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Isotopic Incorporation and the Effects of Fasting and Dietary Lipid Content on Isotopic Discrimination in Large Carnivorous Mammals

Citation:

K. D. Rode, C. A. Stricker, J. Erlenbach, C. T. Robbins, S. G. Cherry, S. D. Newsome, A. Cutting, S. Jensen, G. Stenhouse, M. Brooks, A. Hash, and N. Nicassio, "Isotopic Incorporation and the Effects of Fasting and Dietary Lipid Content on Isotopic Discrimination in Large Carnivorous Mammals," Physiological and Biochemical Zoology 89, no. 3 (May/June 2016): 182-197.
DOI: 10.1086/686490

Abstract:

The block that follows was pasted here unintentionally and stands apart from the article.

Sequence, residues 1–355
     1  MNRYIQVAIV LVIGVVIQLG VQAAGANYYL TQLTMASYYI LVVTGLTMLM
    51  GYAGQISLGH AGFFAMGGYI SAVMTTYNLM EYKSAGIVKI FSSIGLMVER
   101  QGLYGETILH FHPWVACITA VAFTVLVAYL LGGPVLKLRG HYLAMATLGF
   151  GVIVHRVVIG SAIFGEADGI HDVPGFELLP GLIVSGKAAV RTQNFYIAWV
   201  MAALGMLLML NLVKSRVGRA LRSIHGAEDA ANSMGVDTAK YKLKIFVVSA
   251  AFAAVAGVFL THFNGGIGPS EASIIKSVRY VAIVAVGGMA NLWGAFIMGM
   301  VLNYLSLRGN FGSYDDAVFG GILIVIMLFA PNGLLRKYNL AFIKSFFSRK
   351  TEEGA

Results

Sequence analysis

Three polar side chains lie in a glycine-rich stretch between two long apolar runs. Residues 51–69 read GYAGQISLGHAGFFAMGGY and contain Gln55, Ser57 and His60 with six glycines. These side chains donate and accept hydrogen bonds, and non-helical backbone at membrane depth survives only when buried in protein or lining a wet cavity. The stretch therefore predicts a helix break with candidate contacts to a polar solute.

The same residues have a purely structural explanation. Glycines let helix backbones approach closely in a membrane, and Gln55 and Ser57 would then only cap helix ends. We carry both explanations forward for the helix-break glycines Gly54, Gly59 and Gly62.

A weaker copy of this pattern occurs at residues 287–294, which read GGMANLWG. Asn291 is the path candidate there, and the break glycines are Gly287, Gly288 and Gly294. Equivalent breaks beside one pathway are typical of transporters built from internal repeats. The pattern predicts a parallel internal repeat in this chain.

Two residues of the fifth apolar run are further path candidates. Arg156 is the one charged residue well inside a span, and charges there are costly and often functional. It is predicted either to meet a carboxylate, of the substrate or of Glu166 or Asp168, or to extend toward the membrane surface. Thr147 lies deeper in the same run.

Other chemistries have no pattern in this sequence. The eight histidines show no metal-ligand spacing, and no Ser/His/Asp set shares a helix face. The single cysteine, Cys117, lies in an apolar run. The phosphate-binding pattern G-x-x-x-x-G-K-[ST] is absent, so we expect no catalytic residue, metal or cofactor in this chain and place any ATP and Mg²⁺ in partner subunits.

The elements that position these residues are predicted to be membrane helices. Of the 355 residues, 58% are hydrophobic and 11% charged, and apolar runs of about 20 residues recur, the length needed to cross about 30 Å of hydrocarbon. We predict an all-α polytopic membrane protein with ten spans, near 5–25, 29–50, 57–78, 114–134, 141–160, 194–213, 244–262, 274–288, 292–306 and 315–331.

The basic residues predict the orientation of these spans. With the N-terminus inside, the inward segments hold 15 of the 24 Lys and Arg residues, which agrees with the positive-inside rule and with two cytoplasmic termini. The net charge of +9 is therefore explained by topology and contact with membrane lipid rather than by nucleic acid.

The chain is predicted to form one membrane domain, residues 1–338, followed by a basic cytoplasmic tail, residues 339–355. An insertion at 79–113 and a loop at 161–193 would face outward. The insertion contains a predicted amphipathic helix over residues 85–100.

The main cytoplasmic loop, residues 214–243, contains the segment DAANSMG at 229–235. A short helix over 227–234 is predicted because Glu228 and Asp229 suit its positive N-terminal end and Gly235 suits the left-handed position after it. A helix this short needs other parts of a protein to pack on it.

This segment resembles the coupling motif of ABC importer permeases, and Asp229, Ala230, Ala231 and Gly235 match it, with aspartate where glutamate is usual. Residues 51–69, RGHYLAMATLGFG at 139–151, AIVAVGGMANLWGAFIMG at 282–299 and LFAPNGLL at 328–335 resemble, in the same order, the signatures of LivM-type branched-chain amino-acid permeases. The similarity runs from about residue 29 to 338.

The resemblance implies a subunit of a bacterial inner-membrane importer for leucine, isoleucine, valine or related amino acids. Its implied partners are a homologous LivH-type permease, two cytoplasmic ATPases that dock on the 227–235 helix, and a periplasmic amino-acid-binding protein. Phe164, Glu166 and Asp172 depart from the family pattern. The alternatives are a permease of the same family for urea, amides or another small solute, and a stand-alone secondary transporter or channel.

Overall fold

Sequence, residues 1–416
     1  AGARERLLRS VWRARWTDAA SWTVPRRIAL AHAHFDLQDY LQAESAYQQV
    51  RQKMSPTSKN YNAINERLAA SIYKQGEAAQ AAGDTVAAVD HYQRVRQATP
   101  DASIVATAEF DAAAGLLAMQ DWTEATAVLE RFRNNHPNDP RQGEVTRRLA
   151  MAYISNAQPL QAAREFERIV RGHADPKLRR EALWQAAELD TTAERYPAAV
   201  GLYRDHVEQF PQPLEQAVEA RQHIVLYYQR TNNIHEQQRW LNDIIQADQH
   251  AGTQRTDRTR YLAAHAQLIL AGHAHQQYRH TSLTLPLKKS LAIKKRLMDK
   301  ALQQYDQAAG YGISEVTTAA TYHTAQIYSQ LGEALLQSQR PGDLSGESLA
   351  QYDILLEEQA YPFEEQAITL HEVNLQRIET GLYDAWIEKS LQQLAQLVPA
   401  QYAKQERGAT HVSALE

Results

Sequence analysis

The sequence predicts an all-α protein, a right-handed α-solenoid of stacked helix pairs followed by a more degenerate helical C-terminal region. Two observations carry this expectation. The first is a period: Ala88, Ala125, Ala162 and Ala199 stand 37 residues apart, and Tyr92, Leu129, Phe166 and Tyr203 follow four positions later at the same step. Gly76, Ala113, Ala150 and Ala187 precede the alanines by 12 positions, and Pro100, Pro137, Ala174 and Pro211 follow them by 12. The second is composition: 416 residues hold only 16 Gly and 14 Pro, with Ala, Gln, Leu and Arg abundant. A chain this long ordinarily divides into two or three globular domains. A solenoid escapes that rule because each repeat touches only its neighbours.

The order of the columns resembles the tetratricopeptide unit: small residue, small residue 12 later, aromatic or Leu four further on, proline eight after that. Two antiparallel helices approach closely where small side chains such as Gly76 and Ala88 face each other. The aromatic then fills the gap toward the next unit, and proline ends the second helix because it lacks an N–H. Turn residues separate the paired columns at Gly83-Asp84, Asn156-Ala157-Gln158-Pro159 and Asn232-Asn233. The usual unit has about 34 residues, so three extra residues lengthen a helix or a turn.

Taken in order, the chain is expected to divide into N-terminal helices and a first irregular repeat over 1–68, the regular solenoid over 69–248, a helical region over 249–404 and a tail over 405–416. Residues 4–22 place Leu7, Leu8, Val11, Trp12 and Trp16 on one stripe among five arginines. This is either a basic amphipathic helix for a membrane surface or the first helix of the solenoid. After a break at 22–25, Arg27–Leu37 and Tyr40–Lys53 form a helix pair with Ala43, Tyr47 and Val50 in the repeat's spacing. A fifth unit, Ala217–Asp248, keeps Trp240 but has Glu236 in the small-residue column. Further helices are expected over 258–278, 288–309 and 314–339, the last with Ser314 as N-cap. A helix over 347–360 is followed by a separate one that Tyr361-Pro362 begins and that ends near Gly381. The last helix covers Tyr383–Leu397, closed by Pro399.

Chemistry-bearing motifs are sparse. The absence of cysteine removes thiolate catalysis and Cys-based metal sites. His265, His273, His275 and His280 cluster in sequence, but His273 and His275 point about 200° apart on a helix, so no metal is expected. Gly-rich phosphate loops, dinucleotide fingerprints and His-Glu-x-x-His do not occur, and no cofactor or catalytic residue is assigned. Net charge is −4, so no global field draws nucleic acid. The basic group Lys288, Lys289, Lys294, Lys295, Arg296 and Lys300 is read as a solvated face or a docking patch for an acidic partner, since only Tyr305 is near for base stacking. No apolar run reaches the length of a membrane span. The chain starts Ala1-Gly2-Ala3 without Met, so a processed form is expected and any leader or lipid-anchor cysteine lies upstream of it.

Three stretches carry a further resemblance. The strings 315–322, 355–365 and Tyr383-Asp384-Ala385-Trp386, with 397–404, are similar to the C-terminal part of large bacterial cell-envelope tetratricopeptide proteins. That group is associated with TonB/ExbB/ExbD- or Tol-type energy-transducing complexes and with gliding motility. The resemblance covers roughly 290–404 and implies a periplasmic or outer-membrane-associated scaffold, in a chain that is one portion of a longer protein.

There has been considerable emphasis on understanding isotopic discrimination for diet estimation in omnivores. However, discrimination may differ for carnivores, particularly species that consume lipid-rich diets. Here, we examined the potential implications of several factors when using stable isotopes to estimate the diets of bears, which can consume lipid-rich diets and, alternatively, fast for weeks to months. We conducted feeding trials with captive brown bears (Ursus arctos) and polar bears (Ursus maritimus). As dietary lipid content increased to ∼90%, we observed increasing differences between blood plasma and diets that had not been lipid extracted (∆13Ctissue-bulk diet) and slightly decreasing differences between plasma δ13C and lipid-extracted diet. Plasma Δ15Ntissue-bulk diet increased with increasing protein content for the four polar bears in this study and data for other mammals from previous studies that were fed purely carnivorous diets. Four adult and four yearling brown bears that fasted 120 d had plasma δ15N values that changed by <±2‰. Fasting bears exhibited no trend in plasma δ13C. Isotopic incorporation in red blood cells and whole blood was ≥6 mo in subadult and adult bears, which is considerably longer than previously measured in younger and smaller black bears (Ursus americanus). Our results suggest that short-term fasting in carnivores has minimal effects on δ13C and δ15N discrimination between predators and their prey but that dietary lipid content is an important factor directly affecting δ13C discrimination and indirectly affecting δ15N discrimination via the inverse relationship with dietary protein content.

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